Agencies that fund scientific research must choose: is it more effective to give large grants to a few elite researchers, or small grants to many researchers? Large grants would be more effective only if scientific impact increases as an accelerating function of grant size. Here, we examine the scientific impact of individual university-based researchers in three disciplines funded by the Natural Sciences and Engineering Research Council of Canada (NSERC). We considered four indices of scientific impact: numbers of articles published, numbers of citations to those articles, the most cited article, and the number of highly cited articles, each measured over a four-year period. We related these to the amount of NSERC funding received. Impact is positively, but only weakly, related to funding. Researchers who received additional funds from a second federal granting council, the Canadian Institutes for Health Research, were not more productive than those who received only NSERC funding. Impact was generally a decelerating function of funding. Impact per dollar was therefore lower for large grant-holders. This is inconsistent with the hypothesis that larger grants lead to larger discoveries. Further, the impact of researchers who received increases in funding did not predictably increase. We conclude that scientific impact (as reflected by publications) is only weakly limited by funding. We suggest that funding strategies that target diversity, rather than “excellence”, are likely to prove to be more productive.
Citation: Fortin J-M, Currie DJ (2013) Big Science vs. Little Science: How Scientific Impact Scales with Funding. PLoS ONE 8(6): e65263. doi:10.1371/journal.pone.0065263
Editor: Vincent Larivière, Université de Montréal, Canada
Received: February 12, 2013; Accepted: April 23, 2013; Published: June 19, 2013
Copyright: © 2013 Fortin, Currie. This is an open-access article distributed under the terms of the Creative Commons Attribution License, which permits unrestricted use, distribution, and reproduction in any medium, provided the original author and source are credited.
Funding: This study was funded by an Undergraduate Research Opportunity Program grant, and a work-study grant at the University of Ottawa to JMF, and a (mid-sized) grant from NSERC to DJC. The funders had no role in study design, data collection and analysis, decision to publish, or preparation of the manuscript.
Competing interests: The authors have declared that no competing interests exist.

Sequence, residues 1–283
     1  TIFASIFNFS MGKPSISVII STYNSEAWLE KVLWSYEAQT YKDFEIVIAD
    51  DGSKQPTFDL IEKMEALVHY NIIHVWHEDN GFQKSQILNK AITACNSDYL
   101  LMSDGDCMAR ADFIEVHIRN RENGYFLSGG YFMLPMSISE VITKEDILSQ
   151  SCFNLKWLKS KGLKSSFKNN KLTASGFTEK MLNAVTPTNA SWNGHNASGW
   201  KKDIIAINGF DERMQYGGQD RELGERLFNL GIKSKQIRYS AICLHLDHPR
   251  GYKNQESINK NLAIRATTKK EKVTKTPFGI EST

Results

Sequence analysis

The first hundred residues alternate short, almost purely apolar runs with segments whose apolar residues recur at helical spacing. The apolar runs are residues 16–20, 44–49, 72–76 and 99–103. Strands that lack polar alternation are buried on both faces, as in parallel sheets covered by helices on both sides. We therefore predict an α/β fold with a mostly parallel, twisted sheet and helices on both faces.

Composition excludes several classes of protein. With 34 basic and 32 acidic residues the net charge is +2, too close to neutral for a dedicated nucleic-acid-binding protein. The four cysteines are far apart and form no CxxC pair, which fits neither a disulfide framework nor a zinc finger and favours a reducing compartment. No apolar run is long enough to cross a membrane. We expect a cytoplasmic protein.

Consider a publically-funded research granting council with a fixed amount of money at its disposal. Is it more effective to give small grants to many researchers (what we shall call the “many small” strategy), or large grants to a chosen few (“few big”)? Can a granting agency manage scientific output/impact by rewarding researchers with larger grants? Do larger grants foster “excellence”?
Historically, the Natural Sciences and Engineering Research Council of Canada (NSERC) funded most scientists in Canadian universities (62% in 2012; . To keep success rates high, NSERC typically awarded relatively small grants , . In contrast, the U.S. National Science Foundation (NSF) awards much larger grants, with much lower success rates (23% in 2010; . However, NSERC is moving away from the “many small” model , ,  with the stated goal of “…[making] it possible for high-performing researchers to quickly increase their grant levels based on superior scientific merit” . But does greater funding for high performers lead to greater scientific impact, versus funding more researchers?
The answer depends upon the goals of the funding program. The goal could be to maximize major discoveries: prize-winning work published in top journals. This strategy is usually presented as emphasizing excellence ; it can also be criticized as “photo-opportunity science” (G. McBean, quoted in : a quest for national bragging rights). If the probability of major discoveries increases with funding, then the optimal strategy may be to concentrate resources on likely prize-winners.
Alternatively, the goal of the funding program could be to maximize the summed impact of a scientific community (e.g., university researchers). Optimal allocation of research funds in this case depends upon the shape of the relationship between the scientific impact of individual grantees and their funding. Suppose that scientific impact (I) of individual grantees over a given period varies as a power function of funding (F):Alternatively :where a and b are empirical constants. There may be diminishing returns in research: generous budgets may be used less efficiently than tight budgets, such that increasing a researcher's funding by X% increases scientific output, but by less than X%. In this case, individual impact (I) would be a decelerating function of funding, implying that 0<b<1. Impact per dollar (I/F) would decrease with grant size F (Figure S1 in File S1). In this case, many small grants should yield greater total impact than a few big grants.